An acrostic poem uses the first letter of each line to spell out a word.
You can find examples of Merry Christmas acrostics on the internet, but do not underestimate the challenge of writing an acrostic poem.
At a simple level, try writing the word down the page, then getting students to supply one word associated with Christmas for each initial letter. For example, for "m" they may suggest mistletoe or mince pie.
More able students could use each letter to suggest a verb, for example "make". Then they could complete a sentence, such as "Make the Christmas cake". They will end up with a set of lines describing various Christmas activities and some students could then rejig these lines into a poem.
The poem Christmas Bells by Henry Wadsworth Longfellow starts out like a conventional poem talking about the message of peace on earth and goes on to ask how this could apply to a world at war. At the time, his own son had just been injured in the American Civil War. (A background piece with more details by Robert Carroon can be found on the internet.) There are obvious links to the present day, with British soldiers in Iraq and Afghanistan. Working in pairs, students could imagine a correspondence between a father at home and son at the frontline.
Personal writing (diary)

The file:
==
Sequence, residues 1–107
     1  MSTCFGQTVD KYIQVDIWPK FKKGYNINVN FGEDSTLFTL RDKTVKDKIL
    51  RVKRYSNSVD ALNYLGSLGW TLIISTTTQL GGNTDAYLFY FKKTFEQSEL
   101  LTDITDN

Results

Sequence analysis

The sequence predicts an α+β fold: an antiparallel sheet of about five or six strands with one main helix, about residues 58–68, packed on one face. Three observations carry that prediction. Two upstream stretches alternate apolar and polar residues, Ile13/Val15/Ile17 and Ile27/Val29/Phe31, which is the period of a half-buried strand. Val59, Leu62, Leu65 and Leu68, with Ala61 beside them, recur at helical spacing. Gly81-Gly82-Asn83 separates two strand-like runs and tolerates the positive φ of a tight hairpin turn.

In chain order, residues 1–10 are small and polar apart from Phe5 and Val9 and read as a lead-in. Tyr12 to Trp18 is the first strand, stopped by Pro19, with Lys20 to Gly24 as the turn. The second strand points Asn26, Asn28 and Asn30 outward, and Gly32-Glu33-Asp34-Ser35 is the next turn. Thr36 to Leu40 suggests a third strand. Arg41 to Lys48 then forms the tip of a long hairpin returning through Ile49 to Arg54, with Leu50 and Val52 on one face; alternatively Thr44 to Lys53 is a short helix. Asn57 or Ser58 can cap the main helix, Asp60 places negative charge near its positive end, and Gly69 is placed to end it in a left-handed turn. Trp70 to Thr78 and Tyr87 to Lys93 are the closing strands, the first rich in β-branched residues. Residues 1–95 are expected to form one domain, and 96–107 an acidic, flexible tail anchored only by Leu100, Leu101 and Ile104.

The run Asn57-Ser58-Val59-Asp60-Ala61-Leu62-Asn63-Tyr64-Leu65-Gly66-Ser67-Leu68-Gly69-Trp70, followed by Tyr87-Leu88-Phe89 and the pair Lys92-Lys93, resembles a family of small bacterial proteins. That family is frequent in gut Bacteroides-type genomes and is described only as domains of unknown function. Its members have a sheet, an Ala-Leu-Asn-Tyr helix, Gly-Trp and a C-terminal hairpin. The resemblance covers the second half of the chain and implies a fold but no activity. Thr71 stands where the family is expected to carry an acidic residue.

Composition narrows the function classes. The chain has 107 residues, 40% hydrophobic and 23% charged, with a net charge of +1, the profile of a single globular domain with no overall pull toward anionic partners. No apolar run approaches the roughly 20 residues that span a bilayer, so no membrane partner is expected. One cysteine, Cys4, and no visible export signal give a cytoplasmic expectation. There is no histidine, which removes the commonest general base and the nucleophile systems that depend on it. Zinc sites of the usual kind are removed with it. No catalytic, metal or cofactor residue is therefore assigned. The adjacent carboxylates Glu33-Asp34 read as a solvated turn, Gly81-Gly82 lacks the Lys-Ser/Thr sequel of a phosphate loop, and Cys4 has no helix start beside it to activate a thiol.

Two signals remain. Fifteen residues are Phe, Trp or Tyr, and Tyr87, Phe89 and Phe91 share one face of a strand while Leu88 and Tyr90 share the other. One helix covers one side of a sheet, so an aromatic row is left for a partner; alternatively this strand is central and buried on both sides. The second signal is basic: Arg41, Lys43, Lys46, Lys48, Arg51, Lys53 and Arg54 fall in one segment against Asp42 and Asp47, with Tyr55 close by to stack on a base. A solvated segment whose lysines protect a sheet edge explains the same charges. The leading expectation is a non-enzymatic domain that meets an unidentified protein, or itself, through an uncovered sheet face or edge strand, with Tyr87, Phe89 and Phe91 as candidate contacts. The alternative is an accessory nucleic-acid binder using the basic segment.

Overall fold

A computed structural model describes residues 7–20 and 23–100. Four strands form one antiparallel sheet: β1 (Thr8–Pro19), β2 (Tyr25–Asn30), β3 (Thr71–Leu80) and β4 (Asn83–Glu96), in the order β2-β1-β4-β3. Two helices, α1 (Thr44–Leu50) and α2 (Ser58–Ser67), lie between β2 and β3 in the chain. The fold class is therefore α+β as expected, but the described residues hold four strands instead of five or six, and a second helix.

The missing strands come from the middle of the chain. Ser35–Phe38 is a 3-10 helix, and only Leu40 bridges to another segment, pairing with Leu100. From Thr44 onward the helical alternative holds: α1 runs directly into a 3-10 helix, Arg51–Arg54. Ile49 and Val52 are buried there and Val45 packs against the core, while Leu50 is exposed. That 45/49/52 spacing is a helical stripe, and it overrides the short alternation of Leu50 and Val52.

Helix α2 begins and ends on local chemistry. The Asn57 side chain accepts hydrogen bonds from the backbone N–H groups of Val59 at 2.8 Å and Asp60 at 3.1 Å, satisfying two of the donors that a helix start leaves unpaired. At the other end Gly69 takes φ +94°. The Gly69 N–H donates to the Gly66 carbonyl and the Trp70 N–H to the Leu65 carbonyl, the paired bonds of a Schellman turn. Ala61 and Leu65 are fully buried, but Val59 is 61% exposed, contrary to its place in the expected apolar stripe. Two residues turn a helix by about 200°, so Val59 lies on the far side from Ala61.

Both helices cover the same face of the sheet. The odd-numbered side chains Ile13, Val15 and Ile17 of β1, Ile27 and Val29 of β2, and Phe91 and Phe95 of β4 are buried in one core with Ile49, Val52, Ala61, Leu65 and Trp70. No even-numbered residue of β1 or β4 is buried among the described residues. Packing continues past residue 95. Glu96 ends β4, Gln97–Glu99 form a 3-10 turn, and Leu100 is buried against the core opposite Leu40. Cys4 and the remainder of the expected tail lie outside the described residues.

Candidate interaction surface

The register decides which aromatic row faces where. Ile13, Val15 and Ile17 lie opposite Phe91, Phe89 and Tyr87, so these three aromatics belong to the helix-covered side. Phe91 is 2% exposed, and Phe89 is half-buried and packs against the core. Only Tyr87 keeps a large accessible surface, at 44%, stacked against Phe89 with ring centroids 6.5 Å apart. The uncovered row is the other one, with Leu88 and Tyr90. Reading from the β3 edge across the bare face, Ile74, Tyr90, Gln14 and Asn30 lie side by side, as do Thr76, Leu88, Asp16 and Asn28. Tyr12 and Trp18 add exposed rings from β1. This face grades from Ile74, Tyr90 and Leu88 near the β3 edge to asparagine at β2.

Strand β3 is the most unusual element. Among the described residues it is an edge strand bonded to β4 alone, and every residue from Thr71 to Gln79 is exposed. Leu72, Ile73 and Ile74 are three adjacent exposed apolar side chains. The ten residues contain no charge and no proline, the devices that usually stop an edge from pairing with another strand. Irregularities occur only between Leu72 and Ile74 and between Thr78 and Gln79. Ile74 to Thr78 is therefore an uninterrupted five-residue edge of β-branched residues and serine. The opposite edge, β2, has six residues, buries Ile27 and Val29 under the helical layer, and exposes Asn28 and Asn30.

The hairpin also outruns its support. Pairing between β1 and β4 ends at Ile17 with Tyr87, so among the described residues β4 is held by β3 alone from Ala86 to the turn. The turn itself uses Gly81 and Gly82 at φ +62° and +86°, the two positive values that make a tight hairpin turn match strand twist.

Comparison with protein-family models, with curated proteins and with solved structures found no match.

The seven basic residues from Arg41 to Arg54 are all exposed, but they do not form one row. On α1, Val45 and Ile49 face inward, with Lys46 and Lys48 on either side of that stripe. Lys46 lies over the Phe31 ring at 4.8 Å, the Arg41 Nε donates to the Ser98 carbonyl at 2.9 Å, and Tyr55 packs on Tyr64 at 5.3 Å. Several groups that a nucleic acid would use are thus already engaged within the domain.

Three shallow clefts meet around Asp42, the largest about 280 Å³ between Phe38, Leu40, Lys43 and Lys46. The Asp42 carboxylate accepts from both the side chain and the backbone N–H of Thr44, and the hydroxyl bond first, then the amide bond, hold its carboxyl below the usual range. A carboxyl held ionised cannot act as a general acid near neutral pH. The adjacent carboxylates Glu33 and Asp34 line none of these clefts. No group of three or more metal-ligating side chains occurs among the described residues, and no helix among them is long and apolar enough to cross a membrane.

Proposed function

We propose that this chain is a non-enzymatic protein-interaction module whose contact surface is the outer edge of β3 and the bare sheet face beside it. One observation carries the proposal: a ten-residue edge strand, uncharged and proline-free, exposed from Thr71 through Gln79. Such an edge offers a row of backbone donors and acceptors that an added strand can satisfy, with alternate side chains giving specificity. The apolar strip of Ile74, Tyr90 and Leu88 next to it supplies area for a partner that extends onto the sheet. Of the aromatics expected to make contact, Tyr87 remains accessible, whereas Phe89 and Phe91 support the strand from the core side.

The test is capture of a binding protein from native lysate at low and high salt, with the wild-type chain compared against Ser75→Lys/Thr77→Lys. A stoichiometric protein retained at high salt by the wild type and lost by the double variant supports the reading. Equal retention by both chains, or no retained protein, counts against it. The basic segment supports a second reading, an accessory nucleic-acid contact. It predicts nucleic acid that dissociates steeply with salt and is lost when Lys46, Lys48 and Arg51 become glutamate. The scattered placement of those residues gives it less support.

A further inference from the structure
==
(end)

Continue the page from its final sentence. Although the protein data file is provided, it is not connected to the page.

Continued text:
In 2004, The Observer's Scottish edition carried an interview with a soldier who remembered the Christmas truce in the trenches in 1914. The article was written by Lorna Martin and it is on the internet.
It is perhaps a bit too long for most basic skills students to read, but my students love being read to. Read it aloud and then ask them to write the soldier's diary entry for Christmas 1914, and perhaps Boxing Day, when fighting resumed.
In 1987, a child named Virginia O'Hanlon wrote to The New York Sun and asked the editor "Is there a Santa Claus?" His reply was printed in the newspaper. You can find copies on the internet.
There is a lot to discuss, such as the style of the reply and the innocent trust the child had in the editor's opinion. You could ask students to identify the main point in each paragraph. They could consider what they would say in the editor's position, note down the critical points they would make, then construct their own response. They could write it up or just do it as a speaking and listening activity.
Find or write step-by-step instructions for making a decoration. Chop up each step and ask the students to reassemble them. Then give them the materials to make the decoration.
Alternatively, let the students work in pairs, but back to back. One student has the instructions and reads them out. The other students makes the item, but without being able to see the instructions or diagrams.
Some supermarkets have free magazines with stories, ideas for decorations, presents and recipes, all of which can be turned into reading, writing and speaking activities.